This article is part of Helge’s Profile Toolkit, a set of posts explaining the knowledge and tools required to tame Windows user profiles.
The easiest way to assign user profile and home directories is via group policy. But that can only be done per computer. There is no (simple) way to point different users’ directories to different file servers. So what? No problem at all, until the number of users is too large for a single file server to handle. This article discusses what can be done to spread the user load.
File servers are quite capable these days. But even with the advent of really large 64-bit Windows systems, there still remain bottlenecks. User profiles are an interesting example. Profiles put no load at all on file servers – 90% of the day. But in the morning hours, when all employees log on practically at once, and in the evening hours, when everybody logs off, profiles put the file server under heavy stress. Consider a not too large corporation with 10,000 employees who all log on between 8 and 9 am. The file server needs to serve out 10,000 profiles in a period of 60 minutes. Given an average profile size of 10 MB, that amounts to roughly 28 MB/s. Taken into account that profiles contain myriads of small files, 28 MB per second is a lot. A single file server will probably not be able to handle the load.
Now let us consider home directories. Here, the load pattern is entirely different. Home directories are not accessed during logons or logoffs, but during sessions. In many companies, the home directory is the primary storage location for individual users. People store documents they are working with on their home directory and access them frequently while at work. But that amounts only to a small fraction of the load caused by home directories. In many environments, redirected folders are responsible for a much larger portion of the load. The cause? As always, badly written applications…
Take %AppData% as an example. Redirecting it to the home directory is generally a good idea. Unless you have applications that read and/or write from/to %AppData% many times per second! Consider an application that accesses %AppData% twice per second and multiply that by 10,000 users – the file server gets hit by 20,000 IO requests per second. That is a tough number to handle.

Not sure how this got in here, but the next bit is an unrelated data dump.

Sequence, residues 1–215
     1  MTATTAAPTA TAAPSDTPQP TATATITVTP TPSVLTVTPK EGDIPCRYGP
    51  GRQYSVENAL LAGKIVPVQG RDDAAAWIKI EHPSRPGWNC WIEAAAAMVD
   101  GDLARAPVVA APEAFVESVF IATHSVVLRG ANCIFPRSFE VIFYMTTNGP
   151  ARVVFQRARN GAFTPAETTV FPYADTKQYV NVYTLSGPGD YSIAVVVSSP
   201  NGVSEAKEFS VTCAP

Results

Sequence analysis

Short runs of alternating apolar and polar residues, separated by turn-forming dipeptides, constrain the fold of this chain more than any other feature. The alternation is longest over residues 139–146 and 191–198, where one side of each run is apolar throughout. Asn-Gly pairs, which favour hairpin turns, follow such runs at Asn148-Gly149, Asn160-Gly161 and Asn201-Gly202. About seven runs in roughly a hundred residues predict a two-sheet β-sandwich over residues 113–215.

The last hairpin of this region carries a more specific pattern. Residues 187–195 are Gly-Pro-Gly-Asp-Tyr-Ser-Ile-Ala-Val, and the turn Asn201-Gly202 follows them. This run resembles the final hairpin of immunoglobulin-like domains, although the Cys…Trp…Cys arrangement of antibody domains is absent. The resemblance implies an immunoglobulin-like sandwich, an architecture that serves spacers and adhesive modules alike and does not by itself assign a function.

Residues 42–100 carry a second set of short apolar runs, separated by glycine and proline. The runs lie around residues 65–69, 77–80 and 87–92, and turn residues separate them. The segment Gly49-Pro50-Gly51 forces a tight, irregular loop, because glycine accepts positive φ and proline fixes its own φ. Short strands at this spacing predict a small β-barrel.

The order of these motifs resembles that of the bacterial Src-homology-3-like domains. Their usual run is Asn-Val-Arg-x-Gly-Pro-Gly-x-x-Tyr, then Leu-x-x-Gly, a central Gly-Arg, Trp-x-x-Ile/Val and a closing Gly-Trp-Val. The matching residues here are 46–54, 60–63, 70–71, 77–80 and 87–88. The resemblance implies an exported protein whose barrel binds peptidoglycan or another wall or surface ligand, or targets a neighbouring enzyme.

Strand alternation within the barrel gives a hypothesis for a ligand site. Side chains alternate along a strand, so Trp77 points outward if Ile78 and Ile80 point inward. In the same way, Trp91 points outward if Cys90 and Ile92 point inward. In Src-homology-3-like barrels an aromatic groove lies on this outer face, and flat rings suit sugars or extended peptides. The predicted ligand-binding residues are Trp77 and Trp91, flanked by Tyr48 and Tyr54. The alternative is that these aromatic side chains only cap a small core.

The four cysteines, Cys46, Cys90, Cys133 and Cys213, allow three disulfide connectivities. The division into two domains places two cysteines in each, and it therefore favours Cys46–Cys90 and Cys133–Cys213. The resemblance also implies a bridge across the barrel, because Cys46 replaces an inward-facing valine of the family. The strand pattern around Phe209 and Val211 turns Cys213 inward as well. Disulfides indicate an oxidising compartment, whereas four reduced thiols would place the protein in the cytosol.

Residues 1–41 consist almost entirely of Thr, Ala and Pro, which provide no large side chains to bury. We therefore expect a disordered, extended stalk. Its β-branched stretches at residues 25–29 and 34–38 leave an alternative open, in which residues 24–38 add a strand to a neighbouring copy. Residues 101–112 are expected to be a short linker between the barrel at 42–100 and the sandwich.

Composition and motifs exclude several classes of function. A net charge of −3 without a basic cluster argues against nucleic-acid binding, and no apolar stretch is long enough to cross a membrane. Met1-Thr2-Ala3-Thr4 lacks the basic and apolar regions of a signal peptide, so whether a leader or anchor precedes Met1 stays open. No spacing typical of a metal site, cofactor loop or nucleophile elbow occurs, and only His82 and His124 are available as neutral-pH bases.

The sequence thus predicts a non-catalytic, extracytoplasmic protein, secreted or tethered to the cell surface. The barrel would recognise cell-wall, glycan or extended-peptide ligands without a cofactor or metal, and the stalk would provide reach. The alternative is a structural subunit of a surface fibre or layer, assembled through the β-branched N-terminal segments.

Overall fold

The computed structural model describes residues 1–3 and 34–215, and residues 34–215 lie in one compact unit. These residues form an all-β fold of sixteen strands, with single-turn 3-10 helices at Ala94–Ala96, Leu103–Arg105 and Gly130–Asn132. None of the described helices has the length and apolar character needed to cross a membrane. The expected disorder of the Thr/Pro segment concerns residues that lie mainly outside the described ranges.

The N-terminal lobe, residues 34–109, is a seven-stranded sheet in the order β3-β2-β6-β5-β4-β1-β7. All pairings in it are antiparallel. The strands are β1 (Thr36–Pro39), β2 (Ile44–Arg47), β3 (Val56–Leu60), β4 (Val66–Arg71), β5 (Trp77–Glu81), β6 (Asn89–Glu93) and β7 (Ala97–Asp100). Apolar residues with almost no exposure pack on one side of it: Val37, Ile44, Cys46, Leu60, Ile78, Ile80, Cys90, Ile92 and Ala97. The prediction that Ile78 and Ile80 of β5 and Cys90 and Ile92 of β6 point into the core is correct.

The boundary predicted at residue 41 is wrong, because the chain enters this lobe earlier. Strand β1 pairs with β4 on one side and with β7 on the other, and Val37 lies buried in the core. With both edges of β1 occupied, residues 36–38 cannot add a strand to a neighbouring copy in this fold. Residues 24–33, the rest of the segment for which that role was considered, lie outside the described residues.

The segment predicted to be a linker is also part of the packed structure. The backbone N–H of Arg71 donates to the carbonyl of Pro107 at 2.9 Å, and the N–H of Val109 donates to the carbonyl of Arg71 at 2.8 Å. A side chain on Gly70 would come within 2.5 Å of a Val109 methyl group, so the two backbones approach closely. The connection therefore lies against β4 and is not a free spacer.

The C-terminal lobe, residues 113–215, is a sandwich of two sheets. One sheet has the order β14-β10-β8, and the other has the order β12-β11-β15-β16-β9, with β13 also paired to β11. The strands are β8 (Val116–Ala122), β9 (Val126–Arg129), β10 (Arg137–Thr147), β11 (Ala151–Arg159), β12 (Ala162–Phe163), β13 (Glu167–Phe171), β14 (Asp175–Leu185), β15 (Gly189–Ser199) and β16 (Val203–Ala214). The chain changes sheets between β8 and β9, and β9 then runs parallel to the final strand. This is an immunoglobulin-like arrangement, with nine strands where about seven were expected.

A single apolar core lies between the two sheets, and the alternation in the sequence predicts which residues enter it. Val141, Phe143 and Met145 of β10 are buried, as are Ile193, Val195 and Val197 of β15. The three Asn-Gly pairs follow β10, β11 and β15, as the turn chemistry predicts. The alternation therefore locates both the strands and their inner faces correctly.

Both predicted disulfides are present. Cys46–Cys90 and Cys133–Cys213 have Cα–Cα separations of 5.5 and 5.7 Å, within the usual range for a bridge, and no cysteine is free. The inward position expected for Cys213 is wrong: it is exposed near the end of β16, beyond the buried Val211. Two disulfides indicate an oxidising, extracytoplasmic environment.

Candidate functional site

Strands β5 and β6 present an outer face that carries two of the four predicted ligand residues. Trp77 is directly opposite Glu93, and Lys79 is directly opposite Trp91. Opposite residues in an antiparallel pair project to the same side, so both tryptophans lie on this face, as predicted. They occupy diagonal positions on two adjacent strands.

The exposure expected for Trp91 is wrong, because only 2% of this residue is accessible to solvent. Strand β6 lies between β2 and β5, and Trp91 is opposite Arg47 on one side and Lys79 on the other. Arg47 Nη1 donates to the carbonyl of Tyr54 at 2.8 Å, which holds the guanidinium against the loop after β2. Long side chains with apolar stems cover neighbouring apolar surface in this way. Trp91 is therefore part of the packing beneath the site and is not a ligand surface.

Spreading the Load
Depending on the number of your users, their logon patterns and the applications on your network, you may employ the following tactics, in ascending order according to complexity but also load spreading capability.
- All homes and profiles on one file server: The load is distributed only by the different access patterns to home and profile directories. Paths are best assigned via group policy. Well-suited for small to medium-sized environments.
- All profiles on one file server, all homes on another one: Not too much of an improvement over the previous variant unless users log on frequently during the day. Paths are best assigned via group policy. Most-suited for medium-sized environments.
Distribution of homes and profiles across file servers by Active Directory user account attributes: Each AD account directly stores the paths to each user’s home and profile. This creates great flexibility that comes at the price of not being able to use group policy for the assignment. Instead, scripts must be used for user account creation and maintenance. Most-suited for large environments.
Note: In order to evenly distribute users across file servers a rule must be established as to the placement of each individual user. One option is to use the personnel number (often stored in AD) modulo the number of file servers. In other words: divide the personnel number by the number of file servers. The remainder of the division specifies which server stores a user’s directories.
Distribution of homes and profiles across file servers by DFS namespace links: By using DFS namespaces to create a “flat” folder structure spanning all file servers group policies can again be used to assign the home and profile paths. This moves the need for scripting away from the AD accounts, but creates the requirement to create two DFS links per user, which need again be scripted. Most-suited for large environments.
Note: Up to and including Windows Server 2003, domain-based DFS namespaces could only manage 5,000 links. Not enough for larger corporations. Beginning with Server 2008, domain-based namespaces have no fixed limit.